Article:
Using all of the twists, turns and time shifts of stoner rock/metal you could hope for, ending with that hyper-fuzzed bass line that slowly fades into the opening progression of ‘Gone Down In The Woods Today.’ This is a full throttle galloping track that hits as hard as any SABBATH track with the veracity of a cobra and is relentless in the pummeling heaviness of the arrangement. Still no pause between as closer ‘Breathing Ghosts’ is even faster than the other tracks during the first minute until the vocal hits, tempo shifts and guitar drenched chords leaving their juices running down your chin as you drink it all in to the very last note.
If this is the tone of the next three releases, then the wait will seem unbearable. An amazing jumping point in this next stage of the evolution of this trio, MAJOR leaps in mix and composition and the arrangements truly are stellar in advance over all previous releases and should absolutely signify the turning of the tide for this band. Add it to your ‘rotation’ immediately, make sure every person you know hears it and support them live if they come to your shores…this IS South Africa after all. And as always, keep it LOUD!!
1. Warfarin 07:39
2. Driven to Distraction 05:14
3. Left For Dead 05:38
4. Seeds of the Past 06:17
5. Asphalt 08:57
Hey tasters this is The Ancient One. On the musical menu today are 4 heavy fuzzy psychedelic rockers from Huddersfield, UK. When I first listened to their EP Seeds of the Past I really didn’t know what to make of them. When their 1st track ‘Warfarin’ started out sounding like it was recorded on a old fashioned tape recorder in a garage. Still they had the courage to put music on Bandcamp and ask others to listen so I listened on.
As I sat listening the sound quickly improved and I realized it was an audio effect. What the music reminded of was the Misfits who fearlessly self produced albums on the cheap that they then sold at bargain basement prices. And at other times I was reminded of Faith No More. With vocal powerhouse John Bussey, the rafters rattling drum beats of Chris ‘Foz’ Foster along with Jax Townend’s floor shaking bass and Joe ‘Zeph’ Wilczynski fuzzed out psychedelic riffs, Sound of Origin is not a band to be overlooked.
Some of my favorites on “Seeds of the Past” are ‘Driven to Distraction’ with it’s heavy drum and bass laid down by Foz and Jax. In ‘Left For Dead’ John Bussey’s vocal ability shines through with Zeph’s fuzzy psychedelic guitar. I’m going to keep my eyes open for any future releases by Sound of Origin. If you like this EP you can get it at “NYP” on their Bandcamp page (above) and if you choose to pay nothing show them some love by following them on Bandcamp and giving them a like on Facebook. And while your at it come on over to Taste Nation and give us a like.
Kevin Jones – Bass
Dylan Jarrett – Guitar,
Evan Anderson – Drums,
Tyler Swope – Vocals
Gather round everyone Terry “The Ancient One” has a tale to tell about 4 young rock ‘n rollers from a place called Granite City, Illinois named: Kevin Jones, Dylan Jarrett, Evan Anderson, and Tyler Swope. Known as The Judge. Founded in 2006 by Dylan Jarrett, and Evan Anderson with mutual friend Zack Revelle the bands first incarnation was known as Unfallen which lasted less than a month. But that did not stop Dylan and Evan who had dreams of one day taking the stage and rocking the house down. Determined to make things happen . Dylan started The Jude as a side project with his friend Evan while playing for Ripper(named after the Judas Priest song) started by Andrew Pashea, cousin of Zack Revelle, and drummer Darren Williams.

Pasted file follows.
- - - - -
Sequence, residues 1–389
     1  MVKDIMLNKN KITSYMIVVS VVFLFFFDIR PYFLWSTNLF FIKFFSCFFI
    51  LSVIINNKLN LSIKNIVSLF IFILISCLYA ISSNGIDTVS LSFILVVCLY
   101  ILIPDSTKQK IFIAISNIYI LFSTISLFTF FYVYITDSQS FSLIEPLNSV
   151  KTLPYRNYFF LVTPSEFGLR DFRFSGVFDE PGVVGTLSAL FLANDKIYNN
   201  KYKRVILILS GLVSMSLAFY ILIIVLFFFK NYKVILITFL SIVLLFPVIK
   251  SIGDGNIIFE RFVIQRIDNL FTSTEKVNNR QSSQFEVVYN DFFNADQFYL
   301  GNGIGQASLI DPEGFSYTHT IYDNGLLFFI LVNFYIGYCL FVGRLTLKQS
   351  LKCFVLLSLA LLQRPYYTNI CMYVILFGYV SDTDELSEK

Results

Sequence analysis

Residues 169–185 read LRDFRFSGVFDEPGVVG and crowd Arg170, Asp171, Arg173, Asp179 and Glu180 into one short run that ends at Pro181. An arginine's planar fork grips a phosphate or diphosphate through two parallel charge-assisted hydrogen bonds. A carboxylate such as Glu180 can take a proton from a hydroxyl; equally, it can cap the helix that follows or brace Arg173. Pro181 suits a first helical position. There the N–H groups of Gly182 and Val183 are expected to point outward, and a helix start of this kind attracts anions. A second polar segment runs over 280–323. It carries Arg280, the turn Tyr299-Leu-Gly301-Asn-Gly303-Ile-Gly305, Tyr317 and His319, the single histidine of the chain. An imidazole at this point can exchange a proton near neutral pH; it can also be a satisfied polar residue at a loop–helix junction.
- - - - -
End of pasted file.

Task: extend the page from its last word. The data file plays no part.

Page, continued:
With some material written and promo videos recorded using home studio software when Ripper split Dylan and Evans dream began taking shape when Evan found the drums they needed to begin rehearsing in Dylan’s home. With Bassist Kevin Jones complimenting Evan Anderson’s hard hitting drum style. The Judge found the heavy sound they were seeking to mix with Dylan Jarrett’s progressive guitar style and soon after Tyler Swope adding his vocal versatility that allowed him to hit the highs of musicians like Robert Plant and lows of Jim Morrison to complete the mix.
After recording their Demo which would later be called The Judge EP released on October 30th 2014 as a free download on Bandcamp The Judge began working in earnest to get its name out by doing more gigs. Compared by fans to Led Zeppelin, Deep Purple, and Black Sabbath at some point The Judge gained the attention of Ripple Record. They signed with the label and put out a “Self Titled” debut album that combined 4 tracks from their EP and 5 new tracks. Which is about the time I became aware of The Judge.
Like their first EP and debut LP, The Judge puts their all into their latest album “Tell it to the Judge.” Some compare them to the above aforementioned because The Judge has a hard rockin’ blue collar feel but I could hear other influences in their music. Though it took me several sessions of listening to Tell it to The Judge and the bands other albums to pin it down before I realized I was hearing elements of The Doors,Cream, and The Guess Who in the bands music.